Finally Columbia is also home to the Sea Scout Ship "Challenge" #5111. The Sea Scout program teaches young adults (13 to 18 years old) not only to sail but the basics of good citizenship and leadership through sailing, stressing both safety and sportsmanship.

Boating at Columbia - Spring, Summer and Fall

During the summer, life revolves around boats and the Lake, as one might expect, with a variety of on the water activities to engage every type of boater.

Our Power Fleet offers a Leukemia Cup "Poker Run", raising money for the Leukemia & Lymphoma Society running between every harbor on the Chicago lakefront collecting playing cards and returning to the Columbia dock to see who has collected the best poker hand for the grand prize, and of course, a rocking party. Chicago's Venetian Night also provides the Power Fleet the opportunity to join with their Sailing Fleet brethren and dress their boats up for a spectacular harbor parade and fireworks display which challenges the Independence Day fireworks for the best show of the summer.

Sail Fleet members have their choice of cruising Lake Michigan with the Cruising Fleet or a wide range of racing options ranging from the casual Beer Can racing, to the more competitive LMSRF Area III and MORF racing, the huge West Marine One Design, Lands'End NOOD, Leukemia Cup and Verve Cup regattas as well as of course the Chicago MAC race. Racing and cruising fleets are not mutually exclusive as we frequently see racers join in on a cruise, and equally members of the "cruising fleet" are regular entrants in the Wednesday night Beer Can Races.
The cruising events range from long weekends to Michigan City and Hammond to "cruising the harbor" from boat to boat for a potluck dinner or cruising to another club for lunch. It is a congenial group which always welcomes new members and encourages non-boat owners to join in.

Columbia has made a strong commitment to Chicago's racing fleet as a regular sponsor of a number of the LMSRF Area 3 races as well as the growing West Marine One Design regatta, providing race committee and hosting post-race parties on the our dock after every race they host. Among the races we sponsor is the world's oldest continually run freshwater race, the Chicago to Michigan City race (which is older than even the Chicago MAC race). In addition there is our Commodore's Invitational (the first race of the season), the Mayor Daley and Centennial Regatta, the Fran Byrne, and the overnight first leg of the Tri State Race, the Chicago to St. Joseph in Michigan.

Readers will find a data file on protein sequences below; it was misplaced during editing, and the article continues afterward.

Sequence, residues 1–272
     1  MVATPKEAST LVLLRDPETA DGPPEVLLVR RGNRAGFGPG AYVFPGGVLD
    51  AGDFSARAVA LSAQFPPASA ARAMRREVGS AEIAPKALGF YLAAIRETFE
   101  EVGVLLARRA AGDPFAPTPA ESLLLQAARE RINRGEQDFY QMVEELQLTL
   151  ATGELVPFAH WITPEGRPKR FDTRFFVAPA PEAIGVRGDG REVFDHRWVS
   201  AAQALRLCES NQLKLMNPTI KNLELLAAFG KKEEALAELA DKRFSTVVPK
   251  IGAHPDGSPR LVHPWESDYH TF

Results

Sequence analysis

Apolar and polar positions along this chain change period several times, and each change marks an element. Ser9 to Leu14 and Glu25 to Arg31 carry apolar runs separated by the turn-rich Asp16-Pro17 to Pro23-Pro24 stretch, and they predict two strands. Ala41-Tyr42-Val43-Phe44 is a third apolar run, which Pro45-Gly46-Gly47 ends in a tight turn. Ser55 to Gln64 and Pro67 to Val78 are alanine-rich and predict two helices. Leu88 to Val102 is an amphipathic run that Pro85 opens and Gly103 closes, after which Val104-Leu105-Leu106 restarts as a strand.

Columbia also hosts Chicago's Wednesday and Friday night Beer Can racing which draws a more casual crowd from all Chicago's clubs in the Monroe harbor area. Beer Can racing in Chicago is almost as big as the LMSRF Area III racing and it is not uncommon to see over 100 boats going off the line in classes that range from Jib and Main (JAM) to spinnaker sections with the Santa Cruz 70s.

Columbia's racers are consistently at the top of their classes. For 6 of the last 8 years Columbia boats have won the LMSRF Area III "Overall PHRF Boat of the Year" award with "Assassin" having just won it back-to-back in 2004 and 2005, and this year adding to our club laurels further, "Kutty's Ark", one of the club's oldest boats, won the Mackinac Trophy in it's 30th MAC race!!

Finally wrapping up our on the water activity and not to be ignored are our Laser, Vanguard and Penguin racers, a hardy group who besides racing their summer series can also be seen "frostbiting" in the harbor in the spring and fall, when the rest of us are snug inside.

Entertainment and Fine Dining at Columbia

With its breathtaking views of the city and lakefront Columbia Yacht Club offers a fine dining and special event venue unmatched in the city. Columbia's ever-changing menu highlights the bold, the new and the delicious. Our chef and his staff use the freshest produce and finest meats and seafood available, indeed those familiar with Allen Brothers Steaks or the impeccable seafood from Wabash or Plitt Seafoods will not be disappointed, as these are the club's primary meat and seafood suppliers. A combination of seasonal specialties and proven favorites, along with a stellar view of Lake Michigan and the skyline, make dining at Columbia an experience certain to please even the most discerning palate.

Although primarily servicing its members the Clubship is available for special event rental for parties large or small. Its various decks, salons and even the ship's beautifully restored bridge provide a wide and spectacular range of settings in which the club's professional staff can cater for a gala wedding for 410 or a business meeting for 10.

An Open and "Floating" Invitation

Entering or even seeing Columbia Yacht Club for the first time sitting in her prime berth on Chicago's waterfront, one immediately is struck by how unique this place really is. A yacht club on a boat is not an ordinary venue. Looking around the Clubship however, one still sees members working on various maintenance and upgrade projects, continuing the tradition of our founding members who built the original club structure by hand more than 100 years ago.

Columbia Yacht Club is a place where individuals of many ages and backgrounds, members, guests and visitors, join to share their love of the water. The Clubship, "Abegweit", is home to a vibrant community of sailors and power boaters committed to sportsmanship and fun.

Columbia already offers reciprocal visiting yachtsman privileges with many yacht clubs but to visit the Clubship or learn more about lessons, membership, hosting an event or any of the activities mentioned, please call 312-WET-DOCK (312-938-3625) and someone will be happy to help you.

For more info on the Columbia Yacht Club visit